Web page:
About the Member Briefing

    Join Americans for the Arts' (AFTA), Senior Arts Policy Fellow, Stan Rosenberg along side Jay Dick, Senior Director of State and Local Government Affairs with AFTA as they take a look at what happened in the 2018 Mid-Term Elections. Learn tips about engaging new and returning lawmakers on arts-based issues in the days, weeks, and months following election day. We firmly believe that our #AFTAmember network is one of our strongest resources, so after our update, we’ll open the floor up to your questions, comments, recommendations, and lessons learned – we hope you’ll take advantage of each other’s expertise!

    Member Briefings are our monthly opportunity to talk to you about what’s happening now! Mark your calendars for the third Tuesday of every month at 3pm to stay up-to-date on what’s happening at Americans for the Arts and across the sector. These calls are for you, so please let us know if there’s a topic you’d like to know more about by contacting Cristyn Johnson at cjohnson@artsusa.org.

    If you will be viewing the live event on your ipad or iphone you will need to download the MobileMeetings APP By E-STREAM.COM, Inc. and enter the meeting number:547798

    Presenters:

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    Stan Rosenberg, Senior Arts Policy Fellow, Americans for the Arts, Former Massachusetts State Senator

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    Jay DickSenior Director of State and Local Government Affairs, Americans for the Arts

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    Cristyn Johnson, Local Arts Advancement Program Manager, Americans for the Arts

  • Post-Midterm Election Coverage: What it Means for the Arts and What’s Next

    Contains 2 Component(s) Recorded On: 11/20/2018

    This webinar will feature Government Affairs staff to give a recap of the 2018 Mid-Term Elections and what the results could mean for the arts at the federal and state level.

    image About this Webinar

    November 19, 2018 at 3:00PM EDT

    The 2018 Mid-Term Elections will undoubtedly bring a lot of changes to the political arena. But what will this mean for the arts? Join Nina Ozlu Tunceli, Chief Counsel of Government and Public Affairs & Executive Director, Americans for the Arts Action Fund, Robert Lynch, President & CEO, Narric Rome, Vice President of Government Affairs and Arts Education, Lauren Cohen, Government Affairs and Grassroots Coordinator, and Jay Dick, Senior Director of State and Local Government Affairs at Americans for the Arts, as we review the results of the 2018 Mid-Term Elections and the potential implications to the arts at the state and federal levels. We will review changes to the U.S. Congress, as well as Governorships and state and local ballot initiatives impact on the arts.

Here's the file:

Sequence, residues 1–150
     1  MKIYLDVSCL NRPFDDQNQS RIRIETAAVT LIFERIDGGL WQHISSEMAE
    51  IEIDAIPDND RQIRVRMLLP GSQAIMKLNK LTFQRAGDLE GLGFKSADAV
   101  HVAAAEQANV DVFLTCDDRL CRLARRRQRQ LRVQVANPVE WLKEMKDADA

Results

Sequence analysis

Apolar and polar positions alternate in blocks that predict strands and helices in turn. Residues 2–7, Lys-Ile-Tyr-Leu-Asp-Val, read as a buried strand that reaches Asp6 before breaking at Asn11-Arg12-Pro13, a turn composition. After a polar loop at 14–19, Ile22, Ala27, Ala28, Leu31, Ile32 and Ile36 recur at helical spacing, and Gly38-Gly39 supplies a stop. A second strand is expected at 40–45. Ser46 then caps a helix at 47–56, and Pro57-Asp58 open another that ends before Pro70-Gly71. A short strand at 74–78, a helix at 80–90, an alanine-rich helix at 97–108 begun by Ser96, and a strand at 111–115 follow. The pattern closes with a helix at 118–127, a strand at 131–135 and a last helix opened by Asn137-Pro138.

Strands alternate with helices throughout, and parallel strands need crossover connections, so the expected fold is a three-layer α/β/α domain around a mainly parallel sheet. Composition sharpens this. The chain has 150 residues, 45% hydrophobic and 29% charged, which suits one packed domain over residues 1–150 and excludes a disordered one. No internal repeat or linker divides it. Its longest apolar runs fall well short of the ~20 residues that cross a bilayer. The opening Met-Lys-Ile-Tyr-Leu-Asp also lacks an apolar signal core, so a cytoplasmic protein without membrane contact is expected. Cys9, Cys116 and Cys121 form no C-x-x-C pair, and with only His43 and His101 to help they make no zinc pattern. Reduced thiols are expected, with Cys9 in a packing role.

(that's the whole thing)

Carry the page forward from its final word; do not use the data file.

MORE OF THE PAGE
Special Guest Speakers

    Sarah Gonzales Triplett, Director of Public Policy and Advocacy, Creative Many Michigan
    Julia Kirt, Executive Director, Oklahomans for the Arts
    Brad Erickson, Executive Director, Theatre Bay Area
    Rick Stein, President & CEO, Arts Orange County

    Nina Ozlu Tunceli

    Chief Counsel of Government and Public Affairs & Executive Director, Americans for the Arts Action Fund

    Nina Ozlu Tunceli is both Chief Counsel of Government and Public Affairs at Americans for the Arts as well as the Executive Director of the Americans for the Arts Action Fund. For 25 years, Nina has served as the chief policy strategist for Americans for the Arts’ federal, state, and local public affairs work, grassroots advocacy campaigns, policy development, and national coalition-building efforts with cultural and civic organizations to advance the arts in America. In 2004, she also became the executive director of the Americans for the Arts Action Fund, a separate 501(c)(4) organization with a connected Political Action Committee—the only dedicated arts PAC in the country. Nina now mobilizes the political and legislative efforts of more than 365,000 citizen activists in advancing arts policy issues to legislators and candidates seeking federal public office. She is a graduate of George Washington University and the University of Richmond School of Law.

    Narric Rome

    Vice President of Government Affairs and Arts Education, Americans for the Arts

    Narric Rome serves as Vice President for Government Affairs and Arts Education at Americans for the Arts.  In his role he manages federal, state, and local government advocacy, grassroots campaigns, policy development, and national coalition-building efforts with cultural, civic, and private sector organizations with the goal of influencing public policies that advance direct and indirect support for the arts and arts education.